In years past of following economics blogs, I couldn’t help but pick up on the ambient suggestion that models constructed from too many assumptions are likely to suffer from what could be called the Unicorn Syndrome. Of course, for average people, a clarifying statement might be, “If you can’t dazzle ‘em with your brilliance, baffle ‘em with bullsh….”

This is what came to mind as I was pointed to this transcription of a testimony to the House Financial Services Committee given by Marvin Goodfriend, a former Richmond Fed official, now at Carnegie Mellon, and potential Trump nominee to the Federal Reserve Board of Governors, because it is a testimony that did more to confuse rather than enlighten. Here’s an excerpt:

The Fed targets the federal funds rate in order to stabilize inflation and employment as best it can. Output and inflation, however, do not respond directly to the overnight federal funds rate, but only to longer-term rates. Hence, the Fed targets the federal funds rate with the aim of influencing longer-term interest rates. It exercises its influence as follows. The federal funds rate controls the level of other short-term interest rates in the economy via a variety of banking and money market arbitrage opportunities. The market then determines longer-term interest rates as the average expected level of short-term interest rates over the relevant horizon (abstracting from a time varying term premium and default risk)…

The Fed manages its federal funds rate target to maximize the influence of target changes on longer-term interest rates, and thereby on the economy. To do so, the Fed waits before changing the federal funds rate target until it is relatively sure that it will not have to reverse field any time soon, and that further changes in the same direction are likely. Markets, in turn, understand that the Fed’s interest rate target changes are “highly persistent and seldom quickly reversed.” In this way, a change in the overnight federal funds rate target carries expected future short-term rates and longer-term rates with it as well. The Fed’s inclination to delay federal funds rate target changes explains why monetary policy has been “behind the curve” more often than not in the past, whether acting against rising inflation or looming recession.

Goodfriend makes it plain that the having the public understand the Fed is the key to having a credible inflation target, and rips apart recent Fed statements for lack of clarity which seems a bit hypocritical because very few of “the public” have a quantum computer available to calibrate even the summary of voodoo models written in Greek. But we should feel reassured because later on in the testimony, Goodfriend concedes that the Taylor rule is a reasonable compromise, and we can wait until later to worry about the quantum computer to be sure that whatever sort of model he might be constructing to hit the inflation target is accurate.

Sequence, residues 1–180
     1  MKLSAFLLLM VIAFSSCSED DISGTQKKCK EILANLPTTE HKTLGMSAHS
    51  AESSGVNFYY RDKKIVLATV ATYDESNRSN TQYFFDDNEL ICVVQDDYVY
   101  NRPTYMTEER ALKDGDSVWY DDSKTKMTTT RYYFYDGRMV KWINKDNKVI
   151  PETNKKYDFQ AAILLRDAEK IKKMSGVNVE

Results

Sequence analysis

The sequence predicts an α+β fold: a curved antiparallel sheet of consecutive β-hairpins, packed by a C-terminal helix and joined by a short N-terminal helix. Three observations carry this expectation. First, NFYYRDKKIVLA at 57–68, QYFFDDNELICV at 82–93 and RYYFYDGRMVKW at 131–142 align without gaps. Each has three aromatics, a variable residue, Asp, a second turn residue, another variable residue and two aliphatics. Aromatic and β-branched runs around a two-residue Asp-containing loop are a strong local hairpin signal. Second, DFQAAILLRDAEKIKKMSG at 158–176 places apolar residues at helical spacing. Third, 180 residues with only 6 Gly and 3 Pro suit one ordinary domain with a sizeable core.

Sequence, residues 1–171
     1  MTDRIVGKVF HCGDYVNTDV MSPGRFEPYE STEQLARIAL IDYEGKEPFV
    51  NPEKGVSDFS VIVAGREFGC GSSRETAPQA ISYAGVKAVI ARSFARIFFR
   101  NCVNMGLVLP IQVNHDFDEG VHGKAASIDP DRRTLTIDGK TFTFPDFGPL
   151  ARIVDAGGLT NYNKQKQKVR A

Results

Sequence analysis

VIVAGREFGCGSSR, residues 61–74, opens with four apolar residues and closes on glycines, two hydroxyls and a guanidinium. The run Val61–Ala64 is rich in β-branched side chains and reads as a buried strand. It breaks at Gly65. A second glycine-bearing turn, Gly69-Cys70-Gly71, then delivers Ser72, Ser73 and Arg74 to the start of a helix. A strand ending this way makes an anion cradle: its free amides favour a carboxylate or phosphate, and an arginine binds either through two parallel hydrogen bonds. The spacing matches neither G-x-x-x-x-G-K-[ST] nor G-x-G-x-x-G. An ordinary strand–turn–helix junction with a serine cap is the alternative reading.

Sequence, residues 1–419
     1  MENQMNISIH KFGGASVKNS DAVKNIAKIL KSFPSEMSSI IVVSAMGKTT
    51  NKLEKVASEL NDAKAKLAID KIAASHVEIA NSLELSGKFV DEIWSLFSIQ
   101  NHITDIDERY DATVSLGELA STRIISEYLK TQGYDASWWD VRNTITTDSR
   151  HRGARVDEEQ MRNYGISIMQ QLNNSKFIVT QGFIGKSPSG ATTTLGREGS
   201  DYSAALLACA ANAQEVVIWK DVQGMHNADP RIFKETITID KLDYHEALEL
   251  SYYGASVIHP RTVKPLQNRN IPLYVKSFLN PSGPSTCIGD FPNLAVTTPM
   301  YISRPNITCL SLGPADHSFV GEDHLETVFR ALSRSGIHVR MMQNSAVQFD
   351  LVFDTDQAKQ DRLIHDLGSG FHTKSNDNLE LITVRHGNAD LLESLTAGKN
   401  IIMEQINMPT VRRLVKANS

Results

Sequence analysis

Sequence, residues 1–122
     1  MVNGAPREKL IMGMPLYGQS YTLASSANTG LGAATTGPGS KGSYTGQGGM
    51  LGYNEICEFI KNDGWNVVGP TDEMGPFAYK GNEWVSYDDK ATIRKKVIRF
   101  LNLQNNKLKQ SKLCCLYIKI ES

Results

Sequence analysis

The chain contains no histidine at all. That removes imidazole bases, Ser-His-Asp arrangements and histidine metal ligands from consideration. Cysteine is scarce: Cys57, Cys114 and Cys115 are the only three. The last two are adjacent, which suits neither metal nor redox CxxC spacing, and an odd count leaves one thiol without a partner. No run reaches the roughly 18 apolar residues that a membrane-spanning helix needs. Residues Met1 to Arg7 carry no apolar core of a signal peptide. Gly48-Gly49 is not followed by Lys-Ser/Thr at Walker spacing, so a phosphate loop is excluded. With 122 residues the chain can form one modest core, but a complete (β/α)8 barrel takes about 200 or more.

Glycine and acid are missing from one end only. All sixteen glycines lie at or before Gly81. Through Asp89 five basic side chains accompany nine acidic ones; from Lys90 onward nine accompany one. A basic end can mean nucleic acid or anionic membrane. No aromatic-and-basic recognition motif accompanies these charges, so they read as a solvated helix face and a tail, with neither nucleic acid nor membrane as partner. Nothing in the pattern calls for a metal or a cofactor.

To be fair to Goodfriend, we at least see eye-to-eye on the point, in its broadest terms, that the Fed needs a rules-based approach to monetary policy. But if he were to make it to the BoG, I would be gravely concerned about what rule might be adopted given that his testimony reveals that he has , at very least, the gift of bafflement, and his speeches require a rather tall pair of hip boots to match. And this is an important point because it isn’t only credibility of the institution that is at issue here, it is credibility of the individuals in it that is important, and I am instantly skeptical of a person who can’t seem to speak plain English to an audience that requires it.

Later, Goodfriend discusses the damage the Fed wrought on public saving habits during the Great Inflation:

If in years past the Fed had been fully committed to price stability as embodied in an inflation target, retirees would be in a much better position today. Years ago, households would have been advised and willing to hold a significant share of their lifetime savings in long-term nominal bonds paying a safe nominal rate of interest. Households could have counted upon the fact that the nominal return would have been locked in purchasing power terms. The promised nominal interest rate, having incorporated a 2% inflation premium to offset the steadily depreciating purchasing power of money at the Fed’s inflation target, would have delivered a safe long-term real return upwards of 3% per annum.

Instead, the Great Inflation called the Fed’s commitment to price stability into question as it decimated the real return on long term nominal bonds. Responsible households have since steered away from saving in long-term nominal bonds to protect themselves from inflation risk. To avoid inflation risk, households have shortened the maturity of their interest-earning savings and reached for more return in equity products, forced to accept the risk of ultra-low short-term interest rates and volatile equity prices in the bargain.

Interesting. I feel like I am on Mars because even a decade ago, I’d fire any financial adviser who told me to plow my money into government bonds. I also wouldn’t take that sort of advice from a zero inflation targeter because the rub here is that the tighter policy becomes, the lower the natural rate goes, and that return vanishes. Not only do the bond holders end up duped, but recent experiences with the ZLB raises doubts about the soundness of the aforementioned tactic to target rates in order stabilize inflation, employment and the economy. Man, trying to have one’s cake and eat it too just doesn’t work.

Since I learned that Goodfriend is on the Donald’s short list of BoG nominees, I have truly regained my religion, and I pray every night that it just isn’t so.